Amid these concerns, there is a specific focus, by some concerned parties, on the Treaty of Waitangi, a fundamental agreement between the Maori people and the British Crown that outlines their rights and responsibilities. The Maori Health Authority, Te Aka Whai Ora, expresses worry that these rapid changes may not sufficiently consider the rights and interests of the Maori population. They fear that the amendments might be implemented without recognising the Treaty's significance, potentially jeopardising Maori well-being.

4. Health Decision-Making and Public Safety:

The WHO's proposed changes could bestow greater powers on the organisation to declare health emergencies and make critical decisions on diagnostics, medicines, vaccines, lockdowns, and more. While these changes aim to enhance global health coordination, concerns arise when these decisions are not subject to broad public scrutiny. New Zealand might be obligated to follow global health rules even if they contradict the nation's unique needs, potentially compromising the government's ability to protect its citizens effectively.

5. Imposition of Untested or Potentially Unsafe Medications:

A growing concern is the potential imposition of inadequately tested or potentially unsafe medications and public health practices on New Zealand. The speed at which these changes are being considered may not allow for thorough scrutiny and assessment of new regulations. History provides cautionary examples of Thalidomide and Vioxx, where inadequately tested medications caused significant harm. I worry that a similar scenario could unfold if due diligence is not exercised.

6. mRNA Vaccine Safety and Effectiveness:

In addition to these concerns, there are significant doubts about the safety and effectiveness of mRNA vaccines, which are likely to be the drugs of choice for future pandemics. While they have been widely administered for CVOVID-19, there remains ongoing debate about their effectiveness and side effects. The urgency with which these vaccines were developed and distributed has raised serious and, as yet, unanswered questions about whether proper safety measures were followed.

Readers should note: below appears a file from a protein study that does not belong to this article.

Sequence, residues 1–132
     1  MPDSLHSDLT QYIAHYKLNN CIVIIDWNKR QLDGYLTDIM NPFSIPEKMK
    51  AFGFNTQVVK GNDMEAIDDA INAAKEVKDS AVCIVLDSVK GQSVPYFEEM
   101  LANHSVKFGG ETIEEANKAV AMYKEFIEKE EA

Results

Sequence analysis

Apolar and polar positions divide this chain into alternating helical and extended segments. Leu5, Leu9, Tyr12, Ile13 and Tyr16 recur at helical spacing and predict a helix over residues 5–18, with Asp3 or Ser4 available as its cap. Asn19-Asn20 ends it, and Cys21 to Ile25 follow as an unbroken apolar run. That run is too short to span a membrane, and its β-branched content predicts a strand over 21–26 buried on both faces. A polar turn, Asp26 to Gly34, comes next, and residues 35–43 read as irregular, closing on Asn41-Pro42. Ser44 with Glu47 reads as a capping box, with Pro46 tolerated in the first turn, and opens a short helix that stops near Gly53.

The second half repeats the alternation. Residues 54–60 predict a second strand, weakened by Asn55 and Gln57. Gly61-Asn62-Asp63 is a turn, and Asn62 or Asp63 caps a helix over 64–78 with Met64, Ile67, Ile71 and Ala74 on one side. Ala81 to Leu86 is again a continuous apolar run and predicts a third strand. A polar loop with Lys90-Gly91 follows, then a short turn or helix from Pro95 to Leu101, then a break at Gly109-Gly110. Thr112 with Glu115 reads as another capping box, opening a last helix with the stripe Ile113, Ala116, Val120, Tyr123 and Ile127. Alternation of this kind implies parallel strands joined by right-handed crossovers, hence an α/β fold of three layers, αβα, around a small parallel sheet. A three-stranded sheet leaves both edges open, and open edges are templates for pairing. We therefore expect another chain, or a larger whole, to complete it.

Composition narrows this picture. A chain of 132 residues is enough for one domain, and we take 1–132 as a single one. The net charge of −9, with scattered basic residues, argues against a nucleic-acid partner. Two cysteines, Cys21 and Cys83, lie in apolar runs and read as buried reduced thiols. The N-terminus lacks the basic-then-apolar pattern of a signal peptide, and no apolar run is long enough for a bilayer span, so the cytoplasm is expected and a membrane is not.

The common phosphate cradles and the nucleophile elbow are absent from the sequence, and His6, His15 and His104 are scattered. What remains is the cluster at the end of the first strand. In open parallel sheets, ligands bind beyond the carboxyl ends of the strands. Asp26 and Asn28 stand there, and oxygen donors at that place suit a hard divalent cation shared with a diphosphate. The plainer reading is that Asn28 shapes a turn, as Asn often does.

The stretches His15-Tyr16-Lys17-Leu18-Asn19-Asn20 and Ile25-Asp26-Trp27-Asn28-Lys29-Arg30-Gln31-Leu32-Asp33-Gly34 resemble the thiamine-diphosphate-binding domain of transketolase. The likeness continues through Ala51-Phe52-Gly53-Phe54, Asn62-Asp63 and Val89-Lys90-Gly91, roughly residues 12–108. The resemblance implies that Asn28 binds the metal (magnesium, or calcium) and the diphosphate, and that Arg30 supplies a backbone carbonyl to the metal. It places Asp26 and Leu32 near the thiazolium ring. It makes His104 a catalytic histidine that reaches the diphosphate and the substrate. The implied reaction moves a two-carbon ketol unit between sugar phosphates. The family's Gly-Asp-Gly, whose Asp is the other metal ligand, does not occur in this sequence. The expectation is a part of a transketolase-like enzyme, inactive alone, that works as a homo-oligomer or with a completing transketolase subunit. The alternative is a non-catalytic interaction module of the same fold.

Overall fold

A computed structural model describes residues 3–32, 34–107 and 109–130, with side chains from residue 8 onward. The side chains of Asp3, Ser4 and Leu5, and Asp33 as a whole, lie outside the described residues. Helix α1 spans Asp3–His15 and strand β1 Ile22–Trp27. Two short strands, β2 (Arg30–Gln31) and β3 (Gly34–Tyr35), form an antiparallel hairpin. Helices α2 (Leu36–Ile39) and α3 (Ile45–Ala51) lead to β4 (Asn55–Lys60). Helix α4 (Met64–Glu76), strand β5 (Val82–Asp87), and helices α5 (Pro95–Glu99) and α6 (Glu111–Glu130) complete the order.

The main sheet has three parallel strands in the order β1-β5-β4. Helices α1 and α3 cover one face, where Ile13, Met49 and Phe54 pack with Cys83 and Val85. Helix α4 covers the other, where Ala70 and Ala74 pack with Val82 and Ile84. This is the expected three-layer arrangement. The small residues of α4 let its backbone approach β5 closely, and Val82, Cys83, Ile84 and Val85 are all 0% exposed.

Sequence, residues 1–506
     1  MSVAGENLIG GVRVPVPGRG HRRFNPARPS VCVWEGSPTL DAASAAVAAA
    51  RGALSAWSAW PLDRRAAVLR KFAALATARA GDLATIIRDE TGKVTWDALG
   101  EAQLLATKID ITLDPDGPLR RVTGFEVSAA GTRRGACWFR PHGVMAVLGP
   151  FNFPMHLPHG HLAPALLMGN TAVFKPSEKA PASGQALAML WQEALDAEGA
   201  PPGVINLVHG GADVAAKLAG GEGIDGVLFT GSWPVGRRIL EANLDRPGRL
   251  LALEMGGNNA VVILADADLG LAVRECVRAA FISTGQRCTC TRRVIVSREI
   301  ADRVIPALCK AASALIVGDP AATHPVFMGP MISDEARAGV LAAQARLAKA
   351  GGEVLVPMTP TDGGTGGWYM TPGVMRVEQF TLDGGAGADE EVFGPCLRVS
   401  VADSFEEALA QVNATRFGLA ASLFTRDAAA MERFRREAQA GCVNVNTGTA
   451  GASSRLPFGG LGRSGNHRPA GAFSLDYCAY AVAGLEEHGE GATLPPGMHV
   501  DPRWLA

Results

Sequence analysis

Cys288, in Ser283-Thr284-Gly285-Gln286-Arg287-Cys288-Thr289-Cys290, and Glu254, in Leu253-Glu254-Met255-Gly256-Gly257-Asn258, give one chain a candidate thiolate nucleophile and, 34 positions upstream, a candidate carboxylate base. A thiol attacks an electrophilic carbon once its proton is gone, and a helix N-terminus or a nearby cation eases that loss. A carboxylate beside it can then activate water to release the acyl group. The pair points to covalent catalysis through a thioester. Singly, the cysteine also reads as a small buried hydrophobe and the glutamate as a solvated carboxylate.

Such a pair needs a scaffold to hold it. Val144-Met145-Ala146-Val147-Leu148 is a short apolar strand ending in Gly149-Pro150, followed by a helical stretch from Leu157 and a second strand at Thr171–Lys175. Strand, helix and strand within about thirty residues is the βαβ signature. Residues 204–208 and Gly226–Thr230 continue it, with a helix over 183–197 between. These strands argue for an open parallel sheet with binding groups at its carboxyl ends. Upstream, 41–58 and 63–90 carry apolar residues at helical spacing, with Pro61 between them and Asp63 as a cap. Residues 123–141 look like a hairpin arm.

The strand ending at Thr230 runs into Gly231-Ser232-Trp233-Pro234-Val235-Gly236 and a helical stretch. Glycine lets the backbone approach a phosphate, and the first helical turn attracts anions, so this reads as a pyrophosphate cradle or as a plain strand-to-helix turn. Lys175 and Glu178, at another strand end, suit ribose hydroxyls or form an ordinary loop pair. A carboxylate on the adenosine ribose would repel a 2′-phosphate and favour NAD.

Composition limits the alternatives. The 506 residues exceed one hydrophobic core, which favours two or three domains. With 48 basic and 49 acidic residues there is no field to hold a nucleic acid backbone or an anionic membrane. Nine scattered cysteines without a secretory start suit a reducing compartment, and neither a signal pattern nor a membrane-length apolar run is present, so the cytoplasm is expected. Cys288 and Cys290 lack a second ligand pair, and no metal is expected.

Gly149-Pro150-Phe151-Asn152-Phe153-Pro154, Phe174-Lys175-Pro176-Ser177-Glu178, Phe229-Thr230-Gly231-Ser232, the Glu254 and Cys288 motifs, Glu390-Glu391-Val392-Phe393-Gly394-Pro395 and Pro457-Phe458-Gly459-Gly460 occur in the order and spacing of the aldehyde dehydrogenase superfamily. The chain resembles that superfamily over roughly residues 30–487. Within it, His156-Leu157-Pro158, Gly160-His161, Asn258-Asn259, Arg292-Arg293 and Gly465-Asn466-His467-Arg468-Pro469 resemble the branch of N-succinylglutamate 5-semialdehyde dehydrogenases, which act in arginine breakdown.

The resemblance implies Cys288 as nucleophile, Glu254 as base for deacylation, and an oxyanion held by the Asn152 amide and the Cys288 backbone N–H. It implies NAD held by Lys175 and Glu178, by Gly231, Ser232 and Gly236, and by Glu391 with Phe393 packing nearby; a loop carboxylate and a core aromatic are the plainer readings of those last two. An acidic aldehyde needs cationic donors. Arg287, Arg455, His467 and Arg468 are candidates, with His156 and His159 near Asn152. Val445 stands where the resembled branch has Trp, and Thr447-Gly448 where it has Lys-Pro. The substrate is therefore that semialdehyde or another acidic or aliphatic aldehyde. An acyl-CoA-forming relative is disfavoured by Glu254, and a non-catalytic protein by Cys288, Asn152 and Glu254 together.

A Call to Action:

In light of these multifaceted concerns, I call upon all New Zealanders to raise their voices and actively engage in the ongoing discussions. Your involvement and opinions matter, as they shape the future of health policy and governance in this nation. We are almost out of time.

It is crucial to immediately bring these concerns to the attention of our legislators and decision-makers. I encourage you to contact your local representatives, engage in open dialogue with community leaders, and participate in discussions around the proposed changes to the IHR.

New Zealand's sovereignty and the health of its citizens are at stake. It is our collective responsibility to ensure that the decisions made in the coming days reflect the values, needs, and well-being of the people of New Zealand. Your voice is your power, and together, we can safeguard the future of our nation's health and autonomy.

97 views0 comments


bottom of page